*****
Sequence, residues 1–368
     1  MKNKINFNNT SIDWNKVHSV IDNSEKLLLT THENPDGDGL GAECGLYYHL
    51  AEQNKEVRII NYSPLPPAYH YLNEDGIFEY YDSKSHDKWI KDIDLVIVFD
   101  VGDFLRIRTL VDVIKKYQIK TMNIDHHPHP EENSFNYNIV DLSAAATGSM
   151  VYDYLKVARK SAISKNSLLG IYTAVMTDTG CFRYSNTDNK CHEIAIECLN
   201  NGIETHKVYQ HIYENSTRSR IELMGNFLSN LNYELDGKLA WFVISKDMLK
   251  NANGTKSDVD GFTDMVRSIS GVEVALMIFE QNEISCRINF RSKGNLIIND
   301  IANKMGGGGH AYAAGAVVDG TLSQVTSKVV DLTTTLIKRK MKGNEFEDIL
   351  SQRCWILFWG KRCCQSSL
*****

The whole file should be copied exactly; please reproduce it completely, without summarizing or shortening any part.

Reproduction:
Sequence, residues 1–368
     1  MKNKINFNNT SIDWNKVHSV IDNSEKLLLT THENPDGDGL GAECGLYYHL
    51  AEQNKEVRII NYSPLPPAYH YLNEDGIFEY YDSKSHDKWI KDIDLVIVFD
   101  VGDFLRIRTL VDVIKKYQIK TMNIDHHPHP EENSFNYNIV DLSAAATGSM
   151  VYDYLKVARK SAISKNSLLG IYTAVMTDTG CFRYSNTDNK CHEIAIECLN
   201  NGIETHKVYQ HIYENSTRSR IELMGNFLSN LNYELDGKLA WFVISKDMLK
   251  NANGTKSDVD GFTDMVRSIS GVEVALMIFE QNEISCRINF RSKGNLIIND
   301  IANKMGGGGH AYAAGAVVDG TLSQVTSKVV DLTTTLIKRK MKGNEFEDIL
   351  SQRCWILFWG KRCCQSSL